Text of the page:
ass67 - Ch6 bus L1 bus master buffer cache cache swap...

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Ch6 bus L1 bus master buffer cache cache swap control bus clock stack pointer supervisor machine state interrupt handler stack interrupt bus arbitration unit memory bus I/O wait state address,control, data push pop ratio lossy, lossless cache controller I/o port control bus address bus linear address space logical accesses DMA channel cache hit bus protocol multicore scaling up multiple-processor storage 1.The system bus is the communication channel that connects all computer components. It physically consists of parallel transmission lines that can be grouped into those carrying memory addresses (the address bus), those carrying control and status signals (the control bus), and those carrying data (the data bus). In a logical sense, the bus also consists of the bus protocol. 2.A bus master is any device that can initiate a transfer across the bus. Allowing devices other than the CPU to be bus masters frees CPU cycles to perform other tasks. It also allows a form of parallelism in which peripheral-to-peripheral data transfers can occur simultaneously with instruction execution.
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3.The width of the data bus should equal or exceed CPU word size. The bus clock rate should match the CPU clock rate, though this is difficult or impossible to achieve. 4.An interrupt is a signal to the OS that a request or event has occurred that requires its attention. Interrupts are numeric codes and can be generated by peripheral devices, an explicit software instruction, or the CPU. Peripheral device interrupts are sent over the system bus, detected by the CPU, and placed in an interrupt register. Software and CPU-generated interrupts are placed in the interrupt register by the CPU. The CPU detects an interrupt by checking the interrupt register’s contents after each execution cycle. If an interrupt is present, the CPU suspends the current program by performing a push operation. It then branches to the supervisor, which looks up the interrupt code in a table and calls the interrupt handler address it finds there. When the interrupt handler returns to the supervisor, a pop operation is performed, which activates the program that was running when the interrupt was detected. 5.The stack is an area of memory that holds register values of suspended processes. It’s needed because register values represent a suspended program’s state. These values must be restored to CPU registers to allow a program to resume execution at the point it was suspended. Multiple sets of register values must be stored when interrupts of higher priority cause lower-priority interrupt handlers to be suspended and placed on the stack. 6.A push operation copies register values to the top of the stack and increments a pointer (called the stack register) to point to the new stack top. A pop operation removes stack contents on a last in, first out (LIFO) basis. Each pop operation decrements the stack pointer and copies one set of register values from the top of the stack to CPU registers. The last register value copied is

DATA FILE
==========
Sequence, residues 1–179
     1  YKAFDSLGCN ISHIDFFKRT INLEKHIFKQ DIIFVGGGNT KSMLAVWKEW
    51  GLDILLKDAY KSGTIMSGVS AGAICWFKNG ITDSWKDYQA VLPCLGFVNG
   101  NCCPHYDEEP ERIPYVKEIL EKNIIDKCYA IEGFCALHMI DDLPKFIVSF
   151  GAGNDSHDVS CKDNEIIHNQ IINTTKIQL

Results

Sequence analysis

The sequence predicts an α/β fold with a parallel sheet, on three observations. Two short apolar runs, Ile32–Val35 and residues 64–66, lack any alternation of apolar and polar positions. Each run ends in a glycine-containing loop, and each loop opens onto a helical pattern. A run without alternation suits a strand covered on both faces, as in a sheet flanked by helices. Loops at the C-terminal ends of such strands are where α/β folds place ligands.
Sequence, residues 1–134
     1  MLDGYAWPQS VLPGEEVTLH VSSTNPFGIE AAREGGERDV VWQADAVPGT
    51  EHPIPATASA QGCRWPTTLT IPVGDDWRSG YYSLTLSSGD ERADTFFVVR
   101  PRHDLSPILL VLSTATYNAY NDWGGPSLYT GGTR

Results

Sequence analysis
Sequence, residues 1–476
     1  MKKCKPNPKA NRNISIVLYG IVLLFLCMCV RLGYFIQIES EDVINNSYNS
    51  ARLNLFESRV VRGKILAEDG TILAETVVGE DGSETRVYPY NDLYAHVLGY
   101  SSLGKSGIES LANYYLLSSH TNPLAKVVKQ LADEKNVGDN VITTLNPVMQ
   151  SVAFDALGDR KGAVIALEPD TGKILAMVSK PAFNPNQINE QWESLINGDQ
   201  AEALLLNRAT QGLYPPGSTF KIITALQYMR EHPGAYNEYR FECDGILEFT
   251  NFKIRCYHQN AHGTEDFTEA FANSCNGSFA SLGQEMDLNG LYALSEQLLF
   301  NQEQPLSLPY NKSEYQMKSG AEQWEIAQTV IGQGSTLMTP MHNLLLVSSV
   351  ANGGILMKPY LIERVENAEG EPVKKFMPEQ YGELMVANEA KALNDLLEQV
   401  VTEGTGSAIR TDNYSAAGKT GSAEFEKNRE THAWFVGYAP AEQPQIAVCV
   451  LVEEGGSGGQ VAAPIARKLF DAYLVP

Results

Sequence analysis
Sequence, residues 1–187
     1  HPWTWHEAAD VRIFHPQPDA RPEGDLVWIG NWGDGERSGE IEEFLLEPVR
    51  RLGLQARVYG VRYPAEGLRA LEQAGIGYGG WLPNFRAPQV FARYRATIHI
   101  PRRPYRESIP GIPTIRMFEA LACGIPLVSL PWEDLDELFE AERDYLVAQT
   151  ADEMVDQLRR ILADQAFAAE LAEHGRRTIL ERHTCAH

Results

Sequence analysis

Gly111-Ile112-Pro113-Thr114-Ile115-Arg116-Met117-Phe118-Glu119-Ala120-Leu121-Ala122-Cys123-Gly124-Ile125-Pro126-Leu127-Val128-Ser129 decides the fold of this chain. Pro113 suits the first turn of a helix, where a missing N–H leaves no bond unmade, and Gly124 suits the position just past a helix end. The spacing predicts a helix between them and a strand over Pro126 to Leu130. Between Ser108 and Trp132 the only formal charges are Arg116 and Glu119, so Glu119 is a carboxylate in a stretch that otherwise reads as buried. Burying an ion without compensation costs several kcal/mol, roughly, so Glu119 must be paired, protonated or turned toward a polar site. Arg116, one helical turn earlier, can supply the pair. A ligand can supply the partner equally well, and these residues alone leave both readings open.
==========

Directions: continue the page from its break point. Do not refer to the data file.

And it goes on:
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This note was uploaded on 12/04/2011 for the course ACCT 200 taught by Professor Forny during the Spring '11 term at Art Inst. Phoenix.

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ass67 - Ch6 bus L1 bus master buffer cache cache swap...

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